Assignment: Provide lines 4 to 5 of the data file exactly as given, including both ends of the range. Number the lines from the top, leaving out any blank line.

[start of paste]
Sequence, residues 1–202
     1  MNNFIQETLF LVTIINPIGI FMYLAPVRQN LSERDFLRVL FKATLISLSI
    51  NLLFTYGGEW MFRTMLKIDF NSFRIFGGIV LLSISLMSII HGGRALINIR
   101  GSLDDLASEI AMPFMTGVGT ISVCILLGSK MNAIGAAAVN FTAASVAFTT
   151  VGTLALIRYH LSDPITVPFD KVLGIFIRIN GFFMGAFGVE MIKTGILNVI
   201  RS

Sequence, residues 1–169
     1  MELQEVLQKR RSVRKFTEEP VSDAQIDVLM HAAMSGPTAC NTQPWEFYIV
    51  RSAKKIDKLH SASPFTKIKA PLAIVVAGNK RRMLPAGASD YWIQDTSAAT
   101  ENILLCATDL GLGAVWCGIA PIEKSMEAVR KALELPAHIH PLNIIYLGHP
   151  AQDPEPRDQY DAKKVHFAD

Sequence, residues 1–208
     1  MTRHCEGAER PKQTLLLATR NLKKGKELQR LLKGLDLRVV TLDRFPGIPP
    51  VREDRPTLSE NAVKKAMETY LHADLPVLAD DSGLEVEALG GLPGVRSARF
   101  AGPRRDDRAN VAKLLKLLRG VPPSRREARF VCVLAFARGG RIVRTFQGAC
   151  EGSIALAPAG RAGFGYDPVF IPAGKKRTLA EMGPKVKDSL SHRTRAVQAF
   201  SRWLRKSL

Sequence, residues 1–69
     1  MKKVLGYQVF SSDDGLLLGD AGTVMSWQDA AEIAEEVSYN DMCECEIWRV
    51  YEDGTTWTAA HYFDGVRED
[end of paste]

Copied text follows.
   101  GSLDDLASEI AMPFMTGVGT ISVCILLGSK MNAIGAAAVN FTAASVAFTT
   151  VGTLALIRYH LSDPITVPFD KVLGIFIRIN GFFMGAFGVE MIKTGILNVI